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Research article - Peer-reviewed, 2023

Convergence of dominance and neglect in flying insect diversity

Srivathsan, Amrita; Ang, Yuchen; Heraty, John M. M.; Hwang, Wei Song; Jusoh, Wan F. A.; Kutty, Sujatha Narayanan; Puniamoorthy, Jayanthi; Yeo, Darren; Roslin, Tomas; Meier, Rudolf

Abstract

Using DNA barcoding to analyse flying insect diversity of >225,000 specimens from five biogeographic regions, the authors show that more than half of local species diversity is represented by only 20 insect families, most of which suffer from taxonomic neglect.Most of arthropod biodiversity is unknown to science. Consequently, it has been unclear whether insect communities around the world are dominated by the same or different taxa. This question can be answered through standardized sampling of biodiversity followed by estimation of species diversity and community composition with DNA barcodes. Here this approach is applied to flying insects sampled by 39 Malaise traps placed in five biogeographic regions, eight countries and numerous habitats (>225,000 specimens belonging to >25,000 species in 458 families). We find that 20 insect families (10 belonging to Diptera) account for >50% of local species diversity regardless of clade age, continent, climatic region and habitat type. Consistent differences in family-level dominance explain two-thirds of variation in community composition despite massive levels of species turnover, with most species (>97%) in the top 20 families encountered at a single site only. Alarmingly, the same families that dominate insect diversity are 'dark taxa' in that they suffer from extreme taxonomic neglect, with little signs of increasing activities in recent years. Taxonomic neglect tends to increase with diversity and decrease with body size. Identifying and tackling the diversity of 'dark taxa' with scalable techniques emerge as urgent priorities in biodiversity science.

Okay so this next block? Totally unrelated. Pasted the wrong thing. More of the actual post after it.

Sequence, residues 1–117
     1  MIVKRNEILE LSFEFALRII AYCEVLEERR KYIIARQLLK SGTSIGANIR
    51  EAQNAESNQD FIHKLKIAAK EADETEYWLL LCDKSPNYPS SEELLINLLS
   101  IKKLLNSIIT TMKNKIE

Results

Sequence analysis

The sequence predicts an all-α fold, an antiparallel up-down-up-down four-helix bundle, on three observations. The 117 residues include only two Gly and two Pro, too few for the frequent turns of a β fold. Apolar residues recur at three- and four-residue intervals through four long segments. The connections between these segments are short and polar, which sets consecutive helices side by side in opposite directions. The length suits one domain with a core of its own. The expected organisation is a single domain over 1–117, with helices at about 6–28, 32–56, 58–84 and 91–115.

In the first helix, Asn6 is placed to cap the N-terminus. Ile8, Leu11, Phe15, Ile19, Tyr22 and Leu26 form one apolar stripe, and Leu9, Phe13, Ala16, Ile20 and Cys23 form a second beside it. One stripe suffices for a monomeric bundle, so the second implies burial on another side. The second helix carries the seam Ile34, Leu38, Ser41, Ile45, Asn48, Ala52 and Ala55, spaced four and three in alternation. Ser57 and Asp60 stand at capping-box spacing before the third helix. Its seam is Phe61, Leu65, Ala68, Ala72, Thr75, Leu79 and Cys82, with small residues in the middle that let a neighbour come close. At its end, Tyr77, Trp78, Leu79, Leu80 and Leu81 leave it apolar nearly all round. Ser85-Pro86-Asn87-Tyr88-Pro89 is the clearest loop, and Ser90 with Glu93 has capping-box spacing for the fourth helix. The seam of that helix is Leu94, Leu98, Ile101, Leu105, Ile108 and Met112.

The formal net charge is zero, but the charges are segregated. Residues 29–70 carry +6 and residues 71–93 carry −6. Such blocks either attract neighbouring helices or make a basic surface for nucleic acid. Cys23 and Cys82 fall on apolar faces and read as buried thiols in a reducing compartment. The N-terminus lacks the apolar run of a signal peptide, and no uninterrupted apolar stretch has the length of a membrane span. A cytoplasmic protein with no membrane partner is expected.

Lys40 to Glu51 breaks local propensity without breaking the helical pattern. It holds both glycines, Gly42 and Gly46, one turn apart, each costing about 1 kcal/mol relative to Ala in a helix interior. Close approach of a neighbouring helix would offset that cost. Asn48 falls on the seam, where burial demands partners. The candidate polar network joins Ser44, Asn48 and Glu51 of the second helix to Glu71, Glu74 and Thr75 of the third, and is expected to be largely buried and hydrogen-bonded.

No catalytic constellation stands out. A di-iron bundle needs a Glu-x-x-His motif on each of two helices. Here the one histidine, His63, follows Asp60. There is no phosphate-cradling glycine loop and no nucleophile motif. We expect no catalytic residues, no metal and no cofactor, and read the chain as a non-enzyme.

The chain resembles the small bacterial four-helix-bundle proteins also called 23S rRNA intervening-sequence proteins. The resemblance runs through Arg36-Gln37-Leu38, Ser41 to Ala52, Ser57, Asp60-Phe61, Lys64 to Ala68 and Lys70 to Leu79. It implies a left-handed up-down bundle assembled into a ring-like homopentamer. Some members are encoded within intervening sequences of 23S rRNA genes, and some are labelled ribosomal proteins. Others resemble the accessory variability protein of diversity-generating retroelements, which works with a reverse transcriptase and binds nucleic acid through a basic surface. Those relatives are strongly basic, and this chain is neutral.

Published in

Nature ecology & evolution
2023, Volume: 7, pages: 1012-1021
Publisher: NATURE PORTFOLIO

    UKÄ Subject classification

    Ecology

    Publication identifier

    DOI: https://doi.org/10.1038/s41559-023-02066-0

    Permanent link to this page (URI)

    https://res.slu.se/id/publ/122496